Wednesday, 31 August 2011

Beers of summer

I could have called this post 'beer drinking highlights of summer 2011' but it's mainly a tribute to my summer of bottle beer drinking in the garden. This has been novel to me because I have only owned a garden for about a year now and the experience of kicking back after a day's work by the lawn on a nice summer's evening with a beer or two is quite pleasant. OK it hasn't been the best of summers, this year's been mostly about the sunshine and showers, but at least it hasn't rained the whole time. Sadly though (or at least in Northumberland) it seems the summer is over and we are now entering that transitionary period between late summer and autumn.

Stone Vertical Epic 2008 

A big 8.6% powerhouse of a Belgian inspired IPA packed with big bready, yeasty phenolic notes. Bananas, spiced apple and clove are also featured in my tasting notes.   

Vedett Extra White

At the other end of the spectrum was the quenching bubblegum tang of Vedett Extra white. A very refreshing Belgian style wheat beer with an extra delicate light wheaty texture.

Mordue Northumbrian Blonde

You can't have a summer without a low gravity cask conditioned blonde ale in there somewhere. Northumbrian Blonde has obviously gained popularity since its spring release this year. I myself love its Amarillo hop influenced tang

Fuller's Discovery.

75% continental pilsner, 25% golden ale, that's what I make of it anyways. It works great as a bottled beer both clean and flavouful and great for the sunny days.

Williams Brothers Seven Giraffes

Another one of William's brothers multi grain, multi hop 'lets go crazy' sort of beers. Grassy citric hop notes over subtle grainy textures. Your usual well balanced golden ale with a twist.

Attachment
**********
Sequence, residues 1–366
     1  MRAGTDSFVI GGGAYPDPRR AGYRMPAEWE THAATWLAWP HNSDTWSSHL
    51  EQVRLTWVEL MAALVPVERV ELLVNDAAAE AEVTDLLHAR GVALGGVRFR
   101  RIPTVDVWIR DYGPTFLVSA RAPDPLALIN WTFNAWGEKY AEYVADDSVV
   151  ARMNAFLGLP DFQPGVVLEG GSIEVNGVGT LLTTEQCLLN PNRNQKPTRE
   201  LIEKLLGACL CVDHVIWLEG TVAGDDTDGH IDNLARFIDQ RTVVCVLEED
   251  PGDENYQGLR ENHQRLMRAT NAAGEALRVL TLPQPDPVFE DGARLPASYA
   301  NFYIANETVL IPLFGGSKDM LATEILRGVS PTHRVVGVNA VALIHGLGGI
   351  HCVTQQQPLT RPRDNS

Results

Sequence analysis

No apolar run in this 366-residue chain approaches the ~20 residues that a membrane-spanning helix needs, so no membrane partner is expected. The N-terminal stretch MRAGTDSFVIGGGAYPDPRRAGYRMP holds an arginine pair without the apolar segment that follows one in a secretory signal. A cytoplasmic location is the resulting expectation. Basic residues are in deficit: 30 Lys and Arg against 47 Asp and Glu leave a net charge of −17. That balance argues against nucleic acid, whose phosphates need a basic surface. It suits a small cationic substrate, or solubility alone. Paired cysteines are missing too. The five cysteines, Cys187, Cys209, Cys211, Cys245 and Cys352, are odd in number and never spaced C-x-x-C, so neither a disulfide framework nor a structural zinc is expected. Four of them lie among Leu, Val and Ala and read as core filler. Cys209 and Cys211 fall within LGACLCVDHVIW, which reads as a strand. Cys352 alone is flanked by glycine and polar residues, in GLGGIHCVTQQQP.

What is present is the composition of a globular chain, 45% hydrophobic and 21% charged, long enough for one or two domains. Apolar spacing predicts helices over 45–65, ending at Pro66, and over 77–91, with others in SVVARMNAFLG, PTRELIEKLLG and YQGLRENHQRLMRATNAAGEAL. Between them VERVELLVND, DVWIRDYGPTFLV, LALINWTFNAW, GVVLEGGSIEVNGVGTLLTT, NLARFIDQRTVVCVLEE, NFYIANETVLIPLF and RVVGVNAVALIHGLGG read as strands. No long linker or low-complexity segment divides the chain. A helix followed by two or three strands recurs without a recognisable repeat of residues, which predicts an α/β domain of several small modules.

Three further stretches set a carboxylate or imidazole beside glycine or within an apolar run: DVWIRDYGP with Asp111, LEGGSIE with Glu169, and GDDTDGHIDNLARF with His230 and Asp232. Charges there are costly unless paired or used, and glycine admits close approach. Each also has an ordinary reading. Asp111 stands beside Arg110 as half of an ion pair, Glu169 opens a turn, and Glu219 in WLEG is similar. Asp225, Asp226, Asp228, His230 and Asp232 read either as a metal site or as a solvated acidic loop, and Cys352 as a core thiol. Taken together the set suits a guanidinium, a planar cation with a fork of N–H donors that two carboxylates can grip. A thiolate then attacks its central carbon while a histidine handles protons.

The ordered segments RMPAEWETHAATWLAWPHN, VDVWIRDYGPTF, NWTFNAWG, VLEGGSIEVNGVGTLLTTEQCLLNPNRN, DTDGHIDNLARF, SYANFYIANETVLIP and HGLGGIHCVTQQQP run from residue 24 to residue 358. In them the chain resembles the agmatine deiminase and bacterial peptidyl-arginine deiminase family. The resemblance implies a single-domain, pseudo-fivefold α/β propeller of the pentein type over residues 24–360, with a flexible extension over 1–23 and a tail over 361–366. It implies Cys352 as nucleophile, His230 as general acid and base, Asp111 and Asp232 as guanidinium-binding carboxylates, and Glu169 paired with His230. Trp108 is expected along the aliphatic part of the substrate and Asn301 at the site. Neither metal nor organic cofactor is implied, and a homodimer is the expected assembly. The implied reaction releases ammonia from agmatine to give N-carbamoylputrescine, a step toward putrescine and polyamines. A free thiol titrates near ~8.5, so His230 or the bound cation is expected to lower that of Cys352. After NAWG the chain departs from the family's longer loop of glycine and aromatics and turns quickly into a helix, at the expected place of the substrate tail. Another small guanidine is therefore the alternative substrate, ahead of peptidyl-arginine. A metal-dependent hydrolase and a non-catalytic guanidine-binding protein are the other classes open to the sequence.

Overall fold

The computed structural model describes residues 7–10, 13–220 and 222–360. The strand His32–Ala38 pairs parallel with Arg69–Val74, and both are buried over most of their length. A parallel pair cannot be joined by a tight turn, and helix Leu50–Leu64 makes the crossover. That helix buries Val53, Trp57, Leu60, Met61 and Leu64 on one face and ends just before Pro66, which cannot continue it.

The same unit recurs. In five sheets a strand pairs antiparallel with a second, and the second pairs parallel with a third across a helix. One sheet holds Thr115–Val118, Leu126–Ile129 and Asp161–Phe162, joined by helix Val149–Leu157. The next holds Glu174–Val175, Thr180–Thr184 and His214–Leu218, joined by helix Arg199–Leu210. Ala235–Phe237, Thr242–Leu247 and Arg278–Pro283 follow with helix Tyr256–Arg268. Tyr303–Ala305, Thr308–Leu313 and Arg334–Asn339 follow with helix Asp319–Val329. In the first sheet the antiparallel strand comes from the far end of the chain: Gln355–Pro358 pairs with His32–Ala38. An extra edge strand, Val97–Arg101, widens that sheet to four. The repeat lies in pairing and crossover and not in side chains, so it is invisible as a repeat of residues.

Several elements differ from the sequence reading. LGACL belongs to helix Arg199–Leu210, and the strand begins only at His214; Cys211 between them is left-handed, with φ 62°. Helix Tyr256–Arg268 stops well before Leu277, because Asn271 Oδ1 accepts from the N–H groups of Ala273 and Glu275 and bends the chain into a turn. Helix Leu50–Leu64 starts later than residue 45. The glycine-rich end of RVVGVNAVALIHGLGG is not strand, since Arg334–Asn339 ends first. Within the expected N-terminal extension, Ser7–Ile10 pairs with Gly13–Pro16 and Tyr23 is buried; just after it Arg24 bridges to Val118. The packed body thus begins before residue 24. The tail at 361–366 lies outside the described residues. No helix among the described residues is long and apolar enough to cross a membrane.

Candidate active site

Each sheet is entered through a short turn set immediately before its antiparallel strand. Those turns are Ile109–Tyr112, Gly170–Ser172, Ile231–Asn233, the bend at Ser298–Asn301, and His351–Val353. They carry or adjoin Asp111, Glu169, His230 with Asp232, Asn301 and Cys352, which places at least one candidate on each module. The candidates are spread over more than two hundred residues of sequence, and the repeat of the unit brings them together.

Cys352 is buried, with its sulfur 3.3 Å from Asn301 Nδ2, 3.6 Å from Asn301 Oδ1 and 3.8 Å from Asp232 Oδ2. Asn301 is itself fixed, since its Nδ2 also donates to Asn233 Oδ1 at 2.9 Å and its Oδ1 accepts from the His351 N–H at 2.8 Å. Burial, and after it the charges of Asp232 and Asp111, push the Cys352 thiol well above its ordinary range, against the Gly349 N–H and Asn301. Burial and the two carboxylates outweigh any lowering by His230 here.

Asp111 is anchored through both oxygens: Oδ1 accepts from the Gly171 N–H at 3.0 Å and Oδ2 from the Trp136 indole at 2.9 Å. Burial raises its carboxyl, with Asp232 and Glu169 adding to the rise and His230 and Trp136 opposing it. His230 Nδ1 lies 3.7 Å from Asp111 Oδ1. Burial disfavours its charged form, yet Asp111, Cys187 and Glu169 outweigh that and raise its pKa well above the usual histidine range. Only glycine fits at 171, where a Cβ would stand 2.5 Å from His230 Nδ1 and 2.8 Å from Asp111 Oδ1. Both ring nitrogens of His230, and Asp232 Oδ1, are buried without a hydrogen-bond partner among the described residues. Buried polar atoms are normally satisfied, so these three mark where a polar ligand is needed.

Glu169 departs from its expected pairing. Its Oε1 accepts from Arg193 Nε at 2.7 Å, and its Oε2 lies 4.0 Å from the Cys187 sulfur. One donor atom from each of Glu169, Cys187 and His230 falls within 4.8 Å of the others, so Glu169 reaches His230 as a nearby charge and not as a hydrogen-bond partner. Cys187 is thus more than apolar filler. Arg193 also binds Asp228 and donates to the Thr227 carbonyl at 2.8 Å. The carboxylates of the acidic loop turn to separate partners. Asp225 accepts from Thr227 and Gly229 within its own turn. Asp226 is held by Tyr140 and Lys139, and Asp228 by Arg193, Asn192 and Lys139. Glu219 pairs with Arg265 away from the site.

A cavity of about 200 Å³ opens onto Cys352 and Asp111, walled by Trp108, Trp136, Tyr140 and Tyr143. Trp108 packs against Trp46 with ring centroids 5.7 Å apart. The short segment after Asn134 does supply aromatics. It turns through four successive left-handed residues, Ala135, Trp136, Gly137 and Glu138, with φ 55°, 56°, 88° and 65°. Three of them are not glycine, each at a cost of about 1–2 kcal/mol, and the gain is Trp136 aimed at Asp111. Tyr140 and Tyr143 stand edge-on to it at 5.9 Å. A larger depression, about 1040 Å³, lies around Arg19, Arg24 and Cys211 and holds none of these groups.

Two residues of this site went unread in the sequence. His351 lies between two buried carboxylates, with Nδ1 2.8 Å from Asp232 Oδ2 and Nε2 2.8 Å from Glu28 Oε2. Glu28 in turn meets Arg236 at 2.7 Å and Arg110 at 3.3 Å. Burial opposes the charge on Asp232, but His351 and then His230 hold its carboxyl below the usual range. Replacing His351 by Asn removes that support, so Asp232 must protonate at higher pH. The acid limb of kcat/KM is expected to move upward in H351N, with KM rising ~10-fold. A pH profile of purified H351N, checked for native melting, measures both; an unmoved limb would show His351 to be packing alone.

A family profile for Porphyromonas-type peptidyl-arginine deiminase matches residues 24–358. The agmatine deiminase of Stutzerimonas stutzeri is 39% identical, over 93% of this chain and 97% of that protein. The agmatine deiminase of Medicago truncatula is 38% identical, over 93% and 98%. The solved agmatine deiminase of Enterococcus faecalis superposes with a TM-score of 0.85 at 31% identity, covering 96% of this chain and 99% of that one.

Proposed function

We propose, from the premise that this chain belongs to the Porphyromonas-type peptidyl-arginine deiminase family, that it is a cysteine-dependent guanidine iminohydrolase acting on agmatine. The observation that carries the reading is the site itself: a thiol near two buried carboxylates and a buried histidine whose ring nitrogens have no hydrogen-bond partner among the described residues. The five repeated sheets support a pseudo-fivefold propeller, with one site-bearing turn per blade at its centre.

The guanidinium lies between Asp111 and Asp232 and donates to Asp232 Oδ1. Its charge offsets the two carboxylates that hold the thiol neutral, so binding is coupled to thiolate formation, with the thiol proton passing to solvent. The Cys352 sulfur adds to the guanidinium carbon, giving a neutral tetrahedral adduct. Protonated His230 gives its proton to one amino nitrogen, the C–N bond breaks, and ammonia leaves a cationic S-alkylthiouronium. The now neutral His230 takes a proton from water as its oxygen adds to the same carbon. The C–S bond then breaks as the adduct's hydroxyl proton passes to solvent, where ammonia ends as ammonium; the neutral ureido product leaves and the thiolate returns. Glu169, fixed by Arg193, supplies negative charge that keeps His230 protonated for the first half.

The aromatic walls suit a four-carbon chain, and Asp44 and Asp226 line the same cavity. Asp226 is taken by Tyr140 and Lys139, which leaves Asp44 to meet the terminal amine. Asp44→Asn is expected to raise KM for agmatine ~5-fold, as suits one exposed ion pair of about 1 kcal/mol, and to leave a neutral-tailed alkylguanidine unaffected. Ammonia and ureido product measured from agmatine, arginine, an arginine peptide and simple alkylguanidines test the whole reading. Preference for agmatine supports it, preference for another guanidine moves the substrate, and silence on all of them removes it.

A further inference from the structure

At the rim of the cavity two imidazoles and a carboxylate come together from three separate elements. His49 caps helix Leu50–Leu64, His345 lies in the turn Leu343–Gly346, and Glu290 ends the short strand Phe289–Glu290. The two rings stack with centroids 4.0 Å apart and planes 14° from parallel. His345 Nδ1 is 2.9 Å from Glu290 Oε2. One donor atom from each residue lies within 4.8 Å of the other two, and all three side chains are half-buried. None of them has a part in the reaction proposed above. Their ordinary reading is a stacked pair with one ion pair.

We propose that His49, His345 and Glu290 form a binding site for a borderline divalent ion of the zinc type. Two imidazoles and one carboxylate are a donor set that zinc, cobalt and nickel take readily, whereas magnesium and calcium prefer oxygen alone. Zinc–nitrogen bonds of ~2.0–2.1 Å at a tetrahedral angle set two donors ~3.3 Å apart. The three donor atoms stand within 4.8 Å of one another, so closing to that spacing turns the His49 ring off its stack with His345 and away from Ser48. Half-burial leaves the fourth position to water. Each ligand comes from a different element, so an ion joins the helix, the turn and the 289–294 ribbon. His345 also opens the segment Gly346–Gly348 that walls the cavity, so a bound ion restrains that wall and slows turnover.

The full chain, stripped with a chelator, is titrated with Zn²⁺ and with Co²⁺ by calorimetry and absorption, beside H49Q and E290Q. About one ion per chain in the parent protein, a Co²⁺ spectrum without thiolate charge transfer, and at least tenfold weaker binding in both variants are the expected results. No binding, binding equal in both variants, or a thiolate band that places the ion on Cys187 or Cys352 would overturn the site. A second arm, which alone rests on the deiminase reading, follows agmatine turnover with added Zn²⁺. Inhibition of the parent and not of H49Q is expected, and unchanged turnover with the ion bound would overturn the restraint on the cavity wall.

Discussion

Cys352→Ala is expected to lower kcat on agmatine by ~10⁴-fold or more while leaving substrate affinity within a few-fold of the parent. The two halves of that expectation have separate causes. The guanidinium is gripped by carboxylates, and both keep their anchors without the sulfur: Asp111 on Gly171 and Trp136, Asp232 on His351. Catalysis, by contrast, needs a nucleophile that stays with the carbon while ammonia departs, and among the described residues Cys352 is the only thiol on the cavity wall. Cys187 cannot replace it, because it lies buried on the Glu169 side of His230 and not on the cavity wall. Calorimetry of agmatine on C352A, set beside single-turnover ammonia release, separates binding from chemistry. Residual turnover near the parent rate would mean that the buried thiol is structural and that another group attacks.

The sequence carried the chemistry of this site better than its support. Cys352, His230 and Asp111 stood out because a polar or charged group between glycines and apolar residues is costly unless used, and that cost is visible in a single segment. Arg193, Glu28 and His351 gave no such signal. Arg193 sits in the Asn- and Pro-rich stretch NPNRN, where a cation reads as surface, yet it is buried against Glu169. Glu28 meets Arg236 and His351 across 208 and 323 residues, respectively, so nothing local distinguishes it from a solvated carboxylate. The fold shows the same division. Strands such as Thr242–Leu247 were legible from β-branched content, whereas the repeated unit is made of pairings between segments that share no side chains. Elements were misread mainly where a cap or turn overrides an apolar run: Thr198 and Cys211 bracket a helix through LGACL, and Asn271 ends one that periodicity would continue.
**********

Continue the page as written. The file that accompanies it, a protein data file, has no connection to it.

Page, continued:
Baltika 7

  Not really a memorable summer discovery but more of a staple. Months back before I discovered that Tyneside does have some specialist beer shops this Russian brewed Dortmunder style lager helped make up the volume of quenching session beer in the fridge. Malt driven with a clean grainy texture I would argue that it is worthy and not cooking lager.

Well there we have my beer of summer but for now it looks like we'll be saying goodbye to the Northumbrian summer.

Sunday, 28 August 2011

A one for the locals

Northumberland Coquetdale is by a distance my favourite cheese of the North East region. It's uncompromisingly earthy, full of texture and has a slight tangy fruity finish. Some call it strong, but cheese lovers seem to think of it as a middle weight.

 For a year of so now I have been working on finding the perfect beer paring for this cheese but its strength in flavour and slight dry astringency has made it difficult to pair with many of the local session beers. But out of much trial and error and some success with Belgian Pale ales and strong English pale ales it seems Durham Brewery's Benedictus has proved itself as the ultimate match for this characterful local cheese.